I am making a simple web app in mobile which allow visitor to capture photo by using html5 input[type=file] element. Then I will display it on the web for preview, and then visitor can choose to upload the photo to my server for other purpose(ie: upload to FB)

I find a problem on the orientation of photo when I take photo using my iPhone and hold vertically.The photo is in a correct orientation in tag. However, when I try to draw it into canvas by using drawImage() method, it is drawn 90 degree rotated.

I have tried to take photo in 4 orientations, only one of them can draw a correct image in canvas, others are rotated or even flipped upside down.

Well, I am confused to get the correct orientation to fix this problem... Thanks for helping...

here is my code, mostly copy from MDN

<div class="container">
            <h1>Camera API</h1>

            <section class="main-content">
                <p>A demo of the Camera API, currently implemented in Firefox and Google Chrome on Android. Choose to take a picture with your device's camera and a preview will be shown through createObjectURL or a FileReader object (choosing local files supported too).</p>

                    <form method="post" enctype="multipart/form-data" action="index.php">
                        <input type="file" id="take-picture" name="image" accept="image/*">
                        <input type="hidden" name="action" value="submit">
                        <input type="submit" >

                <div style="width:100%;max-width:320px;">
                    <img src="about:blank" alt="" id="show-picture" width="100%">

                <p id="error"></p>
                <canvas id="c" width="640" height="480"></canvas>


            (function () {
                var takePicture = document.querySelector("#take-picture"),
                    showPicture = document.querySelector("#show-picture");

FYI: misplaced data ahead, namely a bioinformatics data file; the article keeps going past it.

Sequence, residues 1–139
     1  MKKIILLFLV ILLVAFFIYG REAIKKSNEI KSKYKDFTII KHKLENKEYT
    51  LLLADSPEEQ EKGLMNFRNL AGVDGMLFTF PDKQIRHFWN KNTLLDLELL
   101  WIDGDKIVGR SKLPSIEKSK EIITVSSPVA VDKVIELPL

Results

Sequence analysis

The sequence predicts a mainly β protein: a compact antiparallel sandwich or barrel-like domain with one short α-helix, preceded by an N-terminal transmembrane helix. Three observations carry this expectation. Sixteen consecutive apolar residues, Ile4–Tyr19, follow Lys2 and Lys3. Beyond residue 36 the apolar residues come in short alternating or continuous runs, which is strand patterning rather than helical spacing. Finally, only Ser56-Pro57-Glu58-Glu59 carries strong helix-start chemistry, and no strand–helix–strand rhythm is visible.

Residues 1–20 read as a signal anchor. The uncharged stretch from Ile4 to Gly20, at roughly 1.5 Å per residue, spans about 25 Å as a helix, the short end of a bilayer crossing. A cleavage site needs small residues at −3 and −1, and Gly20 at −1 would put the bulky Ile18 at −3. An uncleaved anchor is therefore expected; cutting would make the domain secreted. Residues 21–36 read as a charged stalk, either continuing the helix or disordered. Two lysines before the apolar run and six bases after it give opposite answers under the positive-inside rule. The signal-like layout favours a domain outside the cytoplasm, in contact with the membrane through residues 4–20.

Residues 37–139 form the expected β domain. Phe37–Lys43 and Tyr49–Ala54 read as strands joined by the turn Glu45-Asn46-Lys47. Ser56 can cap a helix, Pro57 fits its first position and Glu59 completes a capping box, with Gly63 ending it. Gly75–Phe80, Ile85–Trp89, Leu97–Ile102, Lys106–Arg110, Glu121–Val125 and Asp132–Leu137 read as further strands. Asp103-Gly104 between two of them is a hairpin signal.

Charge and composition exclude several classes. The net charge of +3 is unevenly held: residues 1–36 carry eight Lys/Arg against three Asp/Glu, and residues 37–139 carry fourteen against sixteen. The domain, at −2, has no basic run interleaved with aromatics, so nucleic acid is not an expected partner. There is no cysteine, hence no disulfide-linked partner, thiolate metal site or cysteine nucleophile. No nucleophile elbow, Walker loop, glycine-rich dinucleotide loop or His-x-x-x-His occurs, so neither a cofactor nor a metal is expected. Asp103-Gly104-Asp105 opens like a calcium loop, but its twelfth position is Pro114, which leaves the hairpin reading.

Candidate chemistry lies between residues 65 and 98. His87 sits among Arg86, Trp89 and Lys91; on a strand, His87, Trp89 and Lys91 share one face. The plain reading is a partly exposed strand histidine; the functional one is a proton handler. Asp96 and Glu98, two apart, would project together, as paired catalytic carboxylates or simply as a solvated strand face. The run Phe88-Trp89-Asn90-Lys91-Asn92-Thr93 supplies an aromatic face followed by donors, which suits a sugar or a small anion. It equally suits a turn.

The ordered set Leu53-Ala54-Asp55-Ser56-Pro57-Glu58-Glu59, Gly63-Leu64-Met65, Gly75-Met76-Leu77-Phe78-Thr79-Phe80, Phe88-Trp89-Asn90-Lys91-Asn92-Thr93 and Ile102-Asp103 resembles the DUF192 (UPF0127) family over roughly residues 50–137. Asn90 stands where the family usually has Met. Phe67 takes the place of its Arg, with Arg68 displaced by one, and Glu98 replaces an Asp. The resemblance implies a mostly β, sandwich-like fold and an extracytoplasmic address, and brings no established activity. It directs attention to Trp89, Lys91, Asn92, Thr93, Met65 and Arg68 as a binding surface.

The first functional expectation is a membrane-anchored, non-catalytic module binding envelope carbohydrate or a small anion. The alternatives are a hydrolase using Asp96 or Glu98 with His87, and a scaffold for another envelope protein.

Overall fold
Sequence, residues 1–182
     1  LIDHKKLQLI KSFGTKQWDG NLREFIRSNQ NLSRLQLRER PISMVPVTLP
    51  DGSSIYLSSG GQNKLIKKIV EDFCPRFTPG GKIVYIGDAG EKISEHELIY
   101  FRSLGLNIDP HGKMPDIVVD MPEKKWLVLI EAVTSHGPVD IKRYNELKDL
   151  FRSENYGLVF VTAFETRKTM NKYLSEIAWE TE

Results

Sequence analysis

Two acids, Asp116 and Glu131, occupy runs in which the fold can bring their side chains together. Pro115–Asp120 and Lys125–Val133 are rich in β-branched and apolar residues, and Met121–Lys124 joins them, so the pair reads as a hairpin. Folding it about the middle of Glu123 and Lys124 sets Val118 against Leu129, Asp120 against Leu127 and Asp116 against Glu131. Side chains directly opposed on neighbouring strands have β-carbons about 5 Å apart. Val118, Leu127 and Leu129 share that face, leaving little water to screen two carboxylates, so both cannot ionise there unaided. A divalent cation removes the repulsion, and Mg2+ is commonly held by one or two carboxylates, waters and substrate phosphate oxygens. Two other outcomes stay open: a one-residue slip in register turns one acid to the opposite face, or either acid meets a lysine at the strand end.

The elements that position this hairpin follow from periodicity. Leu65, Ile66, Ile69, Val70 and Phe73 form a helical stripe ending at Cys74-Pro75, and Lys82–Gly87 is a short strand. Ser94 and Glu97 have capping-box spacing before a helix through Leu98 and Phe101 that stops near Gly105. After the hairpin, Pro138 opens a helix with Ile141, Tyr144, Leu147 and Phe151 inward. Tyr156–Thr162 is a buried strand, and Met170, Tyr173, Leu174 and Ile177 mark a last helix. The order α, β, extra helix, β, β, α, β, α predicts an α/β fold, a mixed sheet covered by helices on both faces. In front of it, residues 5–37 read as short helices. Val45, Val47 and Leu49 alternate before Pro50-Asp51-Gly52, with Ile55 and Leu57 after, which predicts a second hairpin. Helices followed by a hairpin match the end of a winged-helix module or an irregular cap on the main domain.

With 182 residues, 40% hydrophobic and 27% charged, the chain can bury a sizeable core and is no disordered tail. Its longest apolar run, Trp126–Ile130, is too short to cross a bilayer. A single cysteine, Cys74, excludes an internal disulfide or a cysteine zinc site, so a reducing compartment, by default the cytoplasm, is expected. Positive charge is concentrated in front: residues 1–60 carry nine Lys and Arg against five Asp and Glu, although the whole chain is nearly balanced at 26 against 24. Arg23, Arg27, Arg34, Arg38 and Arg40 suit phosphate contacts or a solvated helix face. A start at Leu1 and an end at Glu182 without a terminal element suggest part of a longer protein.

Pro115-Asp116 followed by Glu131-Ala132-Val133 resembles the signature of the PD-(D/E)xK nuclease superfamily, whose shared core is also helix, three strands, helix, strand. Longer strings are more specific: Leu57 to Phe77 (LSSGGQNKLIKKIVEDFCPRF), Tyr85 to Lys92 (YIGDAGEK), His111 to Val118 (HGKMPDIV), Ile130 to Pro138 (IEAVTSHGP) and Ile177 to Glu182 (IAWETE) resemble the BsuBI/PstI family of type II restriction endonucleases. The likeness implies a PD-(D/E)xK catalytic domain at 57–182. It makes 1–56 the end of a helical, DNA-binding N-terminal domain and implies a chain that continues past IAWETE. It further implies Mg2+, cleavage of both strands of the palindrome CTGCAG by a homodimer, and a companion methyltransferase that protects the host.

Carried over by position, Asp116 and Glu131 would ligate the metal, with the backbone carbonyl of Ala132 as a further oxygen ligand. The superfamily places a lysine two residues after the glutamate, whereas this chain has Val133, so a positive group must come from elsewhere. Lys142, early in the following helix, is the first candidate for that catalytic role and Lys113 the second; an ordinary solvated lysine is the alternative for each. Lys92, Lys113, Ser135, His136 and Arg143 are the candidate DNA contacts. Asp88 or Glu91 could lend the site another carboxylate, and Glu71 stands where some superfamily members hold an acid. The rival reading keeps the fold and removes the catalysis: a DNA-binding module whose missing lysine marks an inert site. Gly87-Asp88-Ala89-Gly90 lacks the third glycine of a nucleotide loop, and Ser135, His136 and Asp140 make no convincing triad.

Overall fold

if (takePicture && showPicture) {
                    // Set events
                    takePicture.onchange = function (event) {
                        showPicture.onload = function(){
                            var canvas = document.querySelector("#c");
                            var ctx = canvas.getContext("2d");
                        // Get a reference to the taken picture or chosen file
                        var files = event.target.files,
                        if (files && files.length > 0) {
                            file = files[0];
                            try {
                                // Get window.URL object
                                var URL = window.URL || window.webkitURL;

                                // Create ObjectURL
                                var imgURL = URL.createObjectURL(file);

                                // Set img src to ObjectURL
                                showPicture.src = imgURL;

                                // Revoke ObjectURL
                            catch (e) {
                                try {
                                    // Fallback if createObjectURL is not supported
                                    var fileReader = new FileReader();
                                    fileReader.onload = function (event) {
                                        showPicture.src = event.target.result;